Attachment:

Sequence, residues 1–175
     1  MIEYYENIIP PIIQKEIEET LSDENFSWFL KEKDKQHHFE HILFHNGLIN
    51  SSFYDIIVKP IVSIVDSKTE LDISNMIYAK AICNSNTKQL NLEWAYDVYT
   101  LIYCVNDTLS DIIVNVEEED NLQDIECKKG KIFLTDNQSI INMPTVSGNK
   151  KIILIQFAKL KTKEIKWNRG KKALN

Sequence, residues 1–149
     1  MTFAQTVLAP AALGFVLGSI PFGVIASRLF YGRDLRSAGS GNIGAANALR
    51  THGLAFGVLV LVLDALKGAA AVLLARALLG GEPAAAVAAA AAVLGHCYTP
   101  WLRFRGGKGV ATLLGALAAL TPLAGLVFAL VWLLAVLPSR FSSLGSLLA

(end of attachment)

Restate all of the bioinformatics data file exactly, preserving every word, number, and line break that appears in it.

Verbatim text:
Sequence, residues 1–175
     1  MIEYYENIIP PIIQKEIEET LSDENFSWFL KEKDKQHHFE HILFHNGLIN
    51  SSFYDIIVKP IVSIVDSKTE LDISNMIYAK AICNSNTKQL NLEWAYDVYT
   101  LIYCVNDTLS DIIVNVEEED NLQDIECKKG KIFLTDNQSI INMPTVSGNK
   151  KIILIQFAKL KTKEIKWNRG KKALN

Sequence, residues 1–149
     1  MTFAQTVLAP AALGFVLGSI PFGVIASRLF YGRDLRSAGS GNIGAANALR
    51  THGLAFGVLV LVLDALKGAA AVLLARALLG GEPAAAVAAA AAVLGHCYTP
   101  WLRFRGGKGV ATLLGALAAL TPLAGLVFAL VWLLAVLPSR FSSLGSLLA